Lancet: 600,000 killed by violence in Iraq since U.S. invaded; Update: Iraqis claim report is exaggerated

Calling this study inaccurate is like accusing the left of playing dirty tricks with Foley: you’re probably right, but it’s largely besides the point. Granted, Lancet is known for scaremongering; granted, their previous body count was also released shortly before an election; granted, the actual number is an extreme outlier among other counts; granted, it appears the study doesn’t account for the number killed during the entirety of Saddam’s reign; granted, it fails to distinguish between Iraqi civilians, terrorists, army, and police; granted, it has a margin of error of about 180,000 people.

Whatever the actual number is (and it’s probably closer to Iraq Body Count’s figure than to Lancet’s), it’s much more than most of us expected and, at the moment, without a lot to show for it. The Commissar’s been working his way towards Sullivanland in his war/torture posts of late, but it’s hard to argue with the implications of this photo. A thousand words indeed.

Anyway. Moran does his best to debunk, although it worth’s noting that the two key criticisms of the previous study — that the sample was too limited and the margin of error too wide — are limited in this case. According to the Times, the sample wasn’t taken in areas where violence was “clustered,” it was taken in 47 different neighborhoods across the country. And whereas the low-end figure for the margin of error in the previous study was 8,000 (and the high end 194,000), in this case the low end is … 426,000 and change. That’s about the same number of Americans killed in World War II.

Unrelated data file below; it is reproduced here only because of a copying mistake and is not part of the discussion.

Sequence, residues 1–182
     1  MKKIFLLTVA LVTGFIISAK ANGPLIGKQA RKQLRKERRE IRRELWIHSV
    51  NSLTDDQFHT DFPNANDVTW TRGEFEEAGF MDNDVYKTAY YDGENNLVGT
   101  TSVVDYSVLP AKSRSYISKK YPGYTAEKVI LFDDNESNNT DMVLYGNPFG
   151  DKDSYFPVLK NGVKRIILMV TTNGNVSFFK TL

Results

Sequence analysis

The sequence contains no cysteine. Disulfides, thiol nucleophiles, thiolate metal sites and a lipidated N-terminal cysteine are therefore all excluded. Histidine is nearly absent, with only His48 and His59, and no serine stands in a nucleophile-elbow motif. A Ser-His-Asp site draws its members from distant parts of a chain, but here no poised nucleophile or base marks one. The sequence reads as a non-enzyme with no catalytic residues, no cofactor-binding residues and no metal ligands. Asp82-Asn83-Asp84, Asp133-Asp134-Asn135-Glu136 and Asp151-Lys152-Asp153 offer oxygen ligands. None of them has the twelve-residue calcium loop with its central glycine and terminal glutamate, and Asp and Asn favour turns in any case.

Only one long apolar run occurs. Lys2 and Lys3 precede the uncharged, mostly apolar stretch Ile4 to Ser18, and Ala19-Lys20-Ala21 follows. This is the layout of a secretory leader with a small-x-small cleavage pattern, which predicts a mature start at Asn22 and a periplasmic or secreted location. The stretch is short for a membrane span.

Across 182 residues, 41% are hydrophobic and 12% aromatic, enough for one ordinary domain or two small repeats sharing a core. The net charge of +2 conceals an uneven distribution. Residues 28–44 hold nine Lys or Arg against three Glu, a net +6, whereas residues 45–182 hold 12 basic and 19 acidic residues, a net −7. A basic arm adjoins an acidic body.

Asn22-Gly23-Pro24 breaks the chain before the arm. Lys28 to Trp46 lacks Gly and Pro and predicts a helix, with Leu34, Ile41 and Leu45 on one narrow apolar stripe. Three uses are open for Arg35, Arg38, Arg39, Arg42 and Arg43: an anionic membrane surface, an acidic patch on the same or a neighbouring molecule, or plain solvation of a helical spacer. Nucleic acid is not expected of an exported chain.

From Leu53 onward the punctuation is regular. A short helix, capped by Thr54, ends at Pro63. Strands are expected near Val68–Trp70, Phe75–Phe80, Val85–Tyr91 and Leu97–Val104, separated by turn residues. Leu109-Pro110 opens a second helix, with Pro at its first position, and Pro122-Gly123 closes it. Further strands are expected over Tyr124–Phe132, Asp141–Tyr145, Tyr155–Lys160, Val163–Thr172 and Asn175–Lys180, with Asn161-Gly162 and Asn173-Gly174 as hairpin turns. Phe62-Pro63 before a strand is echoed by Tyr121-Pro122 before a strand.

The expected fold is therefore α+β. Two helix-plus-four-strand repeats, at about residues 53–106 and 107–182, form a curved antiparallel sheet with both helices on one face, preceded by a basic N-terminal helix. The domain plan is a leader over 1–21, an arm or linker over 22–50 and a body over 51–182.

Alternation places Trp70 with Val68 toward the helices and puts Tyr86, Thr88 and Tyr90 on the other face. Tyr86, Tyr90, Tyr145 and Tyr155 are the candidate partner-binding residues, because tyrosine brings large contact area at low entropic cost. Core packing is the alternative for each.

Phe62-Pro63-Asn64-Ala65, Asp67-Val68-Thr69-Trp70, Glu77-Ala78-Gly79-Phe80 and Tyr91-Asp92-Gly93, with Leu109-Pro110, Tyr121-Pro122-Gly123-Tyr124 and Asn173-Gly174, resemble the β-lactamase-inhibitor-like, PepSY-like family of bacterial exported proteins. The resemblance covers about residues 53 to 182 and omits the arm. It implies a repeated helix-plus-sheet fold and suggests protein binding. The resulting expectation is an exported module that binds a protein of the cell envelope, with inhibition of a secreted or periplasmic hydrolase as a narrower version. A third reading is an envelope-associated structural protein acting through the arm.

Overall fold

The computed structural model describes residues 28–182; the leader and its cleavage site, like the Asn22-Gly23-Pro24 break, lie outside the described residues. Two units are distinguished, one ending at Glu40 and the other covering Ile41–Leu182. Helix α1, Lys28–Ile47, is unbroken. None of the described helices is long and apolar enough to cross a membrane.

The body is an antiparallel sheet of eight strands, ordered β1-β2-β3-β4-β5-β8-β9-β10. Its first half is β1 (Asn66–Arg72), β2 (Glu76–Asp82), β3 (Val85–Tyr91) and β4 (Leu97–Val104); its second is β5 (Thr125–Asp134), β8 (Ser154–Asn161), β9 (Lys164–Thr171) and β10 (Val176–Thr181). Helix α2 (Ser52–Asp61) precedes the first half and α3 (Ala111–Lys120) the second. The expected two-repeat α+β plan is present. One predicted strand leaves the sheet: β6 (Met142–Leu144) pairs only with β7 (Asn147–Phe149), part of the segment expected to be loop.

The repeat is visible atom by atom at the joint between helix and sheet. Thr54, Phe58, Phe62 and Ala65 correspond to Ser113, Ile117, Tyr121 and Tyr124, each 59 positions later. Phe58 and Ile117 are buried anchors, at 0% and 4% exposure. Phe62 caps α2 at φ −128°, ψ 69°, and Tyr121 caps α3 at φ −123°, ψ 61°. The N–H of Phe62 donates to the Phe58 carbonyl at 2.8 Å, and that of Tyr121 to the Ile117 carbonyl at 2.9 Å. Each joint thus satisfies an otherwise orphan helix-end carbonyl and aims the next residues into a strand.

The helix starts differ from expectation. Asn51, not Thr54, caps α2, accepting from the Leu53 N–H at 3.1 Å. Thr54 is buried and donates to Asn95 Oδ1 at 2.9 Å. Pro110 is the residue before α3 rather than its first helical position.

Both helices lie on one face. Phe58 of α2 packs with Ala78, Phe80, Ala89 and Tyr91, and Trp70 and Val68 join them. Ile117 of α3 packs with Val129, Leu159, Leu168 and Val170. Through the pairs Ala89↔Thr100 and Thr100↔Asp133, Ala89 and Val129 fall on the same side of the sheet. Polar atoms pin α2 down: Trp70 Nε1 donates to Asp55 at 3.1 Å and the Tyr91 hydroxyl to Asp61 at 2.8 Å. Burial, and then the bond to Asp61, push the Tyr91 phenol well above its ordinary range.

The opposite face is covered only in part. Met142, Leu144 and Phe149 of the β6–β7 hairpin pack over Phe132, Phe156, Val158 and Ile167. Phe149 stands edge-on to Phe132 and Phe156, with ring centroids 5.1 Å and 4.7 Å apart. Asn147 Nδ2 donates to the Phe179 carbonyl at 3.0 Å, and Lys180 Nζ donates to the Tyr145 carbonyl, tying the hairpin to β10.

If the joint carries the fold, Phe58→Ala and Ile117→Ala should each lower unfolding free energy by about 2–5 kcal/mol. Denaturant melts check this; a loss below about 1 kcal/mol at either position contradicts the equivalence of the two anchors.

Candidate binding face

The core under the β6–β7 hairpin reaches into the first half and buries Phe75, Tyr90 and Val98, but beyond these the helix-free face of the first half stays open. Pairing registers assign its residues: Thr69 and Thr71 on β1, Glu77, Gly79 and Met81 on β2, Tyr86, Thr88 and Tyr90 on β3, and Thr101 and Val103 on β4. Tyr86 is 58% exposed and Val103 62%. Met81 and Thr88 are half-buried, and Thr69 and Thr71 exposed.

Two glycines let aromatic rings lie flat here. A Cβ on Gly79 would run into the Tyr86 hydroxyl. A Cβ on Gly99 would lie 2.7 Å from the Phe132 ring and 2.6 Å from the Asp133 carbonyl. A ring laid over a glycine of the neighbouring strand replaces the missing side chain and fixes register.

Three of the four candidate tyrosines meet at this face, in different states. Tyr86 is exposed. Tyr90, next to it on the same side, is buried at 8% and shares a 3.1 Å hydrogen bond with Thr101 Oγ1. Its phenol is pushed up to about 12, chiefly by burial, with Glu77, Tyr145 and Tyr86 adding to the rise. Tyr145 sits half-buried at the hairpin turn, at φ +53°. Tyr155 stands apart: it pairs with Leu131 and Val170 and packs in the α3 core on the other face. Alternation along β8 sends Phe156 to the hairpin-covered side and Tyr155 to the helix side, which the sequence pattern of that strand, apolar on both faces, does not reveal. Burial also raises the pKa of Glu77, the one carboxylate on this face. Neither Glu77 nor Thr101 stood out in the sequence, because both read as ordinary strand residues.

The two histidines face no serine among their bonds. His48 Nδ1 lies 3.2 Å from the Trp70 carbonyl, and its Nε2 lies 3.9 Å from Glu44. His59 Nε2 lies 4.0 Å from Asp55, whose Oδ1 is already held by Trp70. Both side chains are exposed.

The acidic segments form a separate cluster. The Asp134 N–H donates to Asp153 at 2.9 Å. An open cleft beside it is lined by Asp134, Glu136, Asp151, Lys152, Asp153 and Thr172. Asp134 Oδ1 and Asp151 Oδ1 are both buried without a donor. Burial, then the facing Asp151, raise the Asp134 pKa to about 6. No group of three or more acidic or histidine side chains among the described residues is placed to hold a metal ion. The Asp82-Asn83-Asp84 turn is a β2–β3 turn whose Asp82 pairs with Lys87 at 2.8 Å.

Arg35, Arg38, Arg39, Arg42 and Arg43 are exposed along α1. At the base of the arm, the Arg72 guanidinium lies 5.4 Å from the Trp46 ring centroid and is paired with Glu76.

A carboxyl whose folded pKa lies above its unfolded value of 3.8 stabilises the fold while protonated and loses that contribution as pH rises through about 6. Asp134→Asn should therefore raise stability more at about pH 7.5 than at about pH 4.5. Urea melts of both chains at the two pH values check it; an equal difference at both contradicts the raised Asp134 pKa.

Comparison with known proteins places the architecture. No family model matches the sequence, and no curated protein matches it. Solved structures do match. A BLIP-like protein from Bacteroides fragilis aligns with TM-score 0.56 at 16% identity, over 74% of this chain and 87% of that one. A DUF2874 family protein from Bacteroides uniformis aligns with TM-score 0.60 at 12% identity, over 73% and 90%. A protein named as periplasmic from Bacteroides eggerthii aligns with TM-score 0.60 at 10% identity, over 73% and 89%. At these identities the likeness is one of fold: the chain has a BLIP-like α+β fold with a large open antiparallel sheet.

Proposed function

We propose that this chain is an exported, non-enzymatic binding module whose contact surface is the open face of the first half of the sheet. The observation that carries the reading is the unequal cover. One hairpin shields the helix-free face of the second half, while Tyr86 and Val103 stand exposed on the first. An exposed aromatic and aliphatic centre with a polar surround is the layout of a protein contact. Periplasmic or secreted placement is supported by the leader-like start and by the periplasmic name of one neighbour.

One question for Lancet, though. If 600,000 people have been killed, where are all the bodies?

By the way: the ammo dump fire yesterday in Baghdad was caused by a jihadi attack.

Update: According to the CIA Factbook by way of the Mudville Gazette, the average world death rate per 1,000 people is 8.67. The pre-invasion figure for Iraq used by Lancet was 5.5. Is that plausible? Does it count officially reported deaths or do Saddam-era “disappearances” count too? There are countries with lower death rates than 5.5 so it’s not absurd on its face.

Update: Jihadists are warning Iraqis to prepare for “the big battle of Baghdad.”

Update: This should be enough to finish off Republicans’ midterm election hopes, once and for all.

Update: Bush says the Lancet study’s methodology has been discredited. I don’t think that’s true.

Update: No way is it true says an Iraqi government spokesman.

Update: I said earlier I’d be interested to know where the 600,000 bodies are. Bob Owens isn’t as curious: he’ll settle for evidence of 600,000 death certificates being issued.